Based in New York, China, and around the world, Center on U.S.-China Relations fellows contribute significant research in the areas of U.S.-China relations, journalism and new media, and the environment. The annual Arthur Ross Fellowship is based at the Asia Society headquarters in New York.
John Delury, Senior Fellow. John Delury is an Associate Professor at Yonsei University Graduate School of International Studies. He was formerly the Associate Director at the Center on U.S.-China Relations, where he served as Director of the China Boom Project and the North Korea Inside Out task force. He has taught Chinese history and politics at Columbia, Brown, and Peking University, and received a PhD in Chinese history at Yale. Twitter: @JohnDelury
Susan Jakes, Senior Fellow. Susan Jakes is an award-winning journalist who has covered contemporary China for the past decade. Currently, she is the Editor of the Center's online magazine, ChinaFile, and a Senior Fellow at the Center on U.S.-China Relations. Jakes joined the Asia Society in 2010 as an Arthur Ross Fellow and oversaw the design, concept development, budget and launch of ChinaFile. In 2000, she moved to Hong Kong to cover China for TIME Magazine. She then served as Time's Correspondent in Beijing from 2002-2007. In 2003 she broke the story of the Chinese government’s cover-up of the SARS outbreak, for which she received the Henry Luce Public Service Award. Twitter: @susanjakes
Susan Meiselas, Senior Fellow. Susan Meiselas joined Magnum Photos in 1976 and is perhaps best known for her photographic coverage of the insurrection in Nicaragua and her documentation of human rights issues in Latin America. Today, Meiselas' work takes her around the globe. Her one-woman exhibitions have been shown in Paris, Amsterdam, Madrid, Los Angeles, London, New York, and Chicago. Her recognitions and awards include: the Robert Capa Gold Medal for “outstanding courage and reporting” by the Overseas Press Club for her work in Nicaragua (1979); the Leica Award for Excellence (1982); the Engelhard Award from the Institute of Contemporary Art (1985); the Maria Moors Cabot Prize from Columbia University for her coverage of Latin America (1994); and the Hasselblad Foundation Photography prize (1994). In 1992, she was named a MacArthur Fellow.
Austin Woerner, ChinaFile Fellow. Austin Woerner is a Chinese-English translator. He is the translator of Doubled Shadows: Selected Poems of Ouyang Jianghe (Zephyr Press, 2012) and a novel, The Invisible Valley, by the Chinese exile writer Su Wei. His translations have appeared in Poetry, The Kenyon Review Online, Zoland Poetry, and Asymptote. He is a graduate of Yale University and is currently pursuing an MFA in creative writing at the New School.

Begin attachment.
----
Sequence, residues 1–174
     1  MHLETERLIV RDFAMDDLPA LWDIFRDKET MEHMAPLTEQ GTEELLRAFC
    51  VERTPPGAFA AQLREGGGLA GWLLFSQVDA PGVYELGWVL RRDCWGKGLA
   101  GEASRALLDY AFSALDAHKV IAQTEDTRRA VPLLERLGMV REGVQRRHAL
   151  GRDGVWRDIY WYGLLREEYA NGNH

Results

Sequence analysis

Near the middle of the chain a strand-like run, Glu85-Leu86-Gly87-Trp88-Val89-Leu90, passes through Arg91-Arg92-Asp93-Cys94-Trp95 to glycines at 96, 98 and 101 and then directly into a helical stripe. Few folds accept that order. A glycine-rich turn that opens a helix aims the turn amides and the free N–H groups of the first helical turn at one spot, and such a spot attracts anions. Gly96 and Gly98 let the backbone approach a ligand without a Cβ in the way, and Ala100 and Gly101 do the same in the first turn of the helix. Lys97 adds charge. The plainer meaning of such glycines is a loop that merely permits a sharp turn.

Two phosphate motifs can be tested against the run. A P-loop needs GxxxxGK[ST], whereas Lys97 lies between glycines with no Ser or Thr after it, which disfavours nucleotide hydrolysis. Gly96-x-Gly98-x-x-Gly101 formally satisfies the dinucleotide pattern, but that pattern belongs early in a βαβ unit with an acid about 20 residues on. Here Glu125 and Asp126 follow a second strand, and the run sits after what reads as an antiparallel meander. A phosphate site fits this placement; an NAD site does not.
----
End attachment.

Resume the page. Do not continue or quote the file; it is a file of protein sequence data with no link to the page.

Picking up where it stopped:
David Breashears, Senior Fellow. Since 1979, Breashears has combined his skills in mountaineering and photography to become an acclaimed adventure filmmaker, leading over forty expeditions to the Himalayan region and working on dozens of documentary film projects. David Breashears founded GlacierWorks in 2007. A four-time Emmy award winner, Breashears has directed and produced numerous films on the Himalayan region including the IMAX feature, Everest. He served as Project Leader for the Asia Society's Glacial Research Imaging Project and collaborated on Asia Society museum exhibit Rivers of Ice, Vanishing Glaciers of the Greater Himalaya and documentary photography exhibition Coal + Ice. Twitter: @davidbreashears
Josh Chin, Multimedia Fellow. Josh Chin is the Editor of the Wall Street Journal China blog, China Real Time Report. He also covers Chinese social media, law, and the environment for the Wall Street Journal and WSJ.com. He has reported on North Korean refugees in Manchuria, strip mining in southern India and a variety of other topics for publications in both the United States and Asia. Twitter: @joshchin
Harry Harding, Senior Fellow. Harry Harding is a specialist on Asia and U.S.-Asian relations. He is the Founding Dean of the University of Virginia's Frank Batten Sr. School of Leadership and Public Policy, and had previously served as Dean of the George Washington University Elliott School of International Affairs. In addition to several edited volumes, his major publications include Organizing China: The Problem of Bureaucracy, 1949-1966; China’s Second Revolution: Reform after Mao; and A Fragile Relationship: the United States and China since 1972.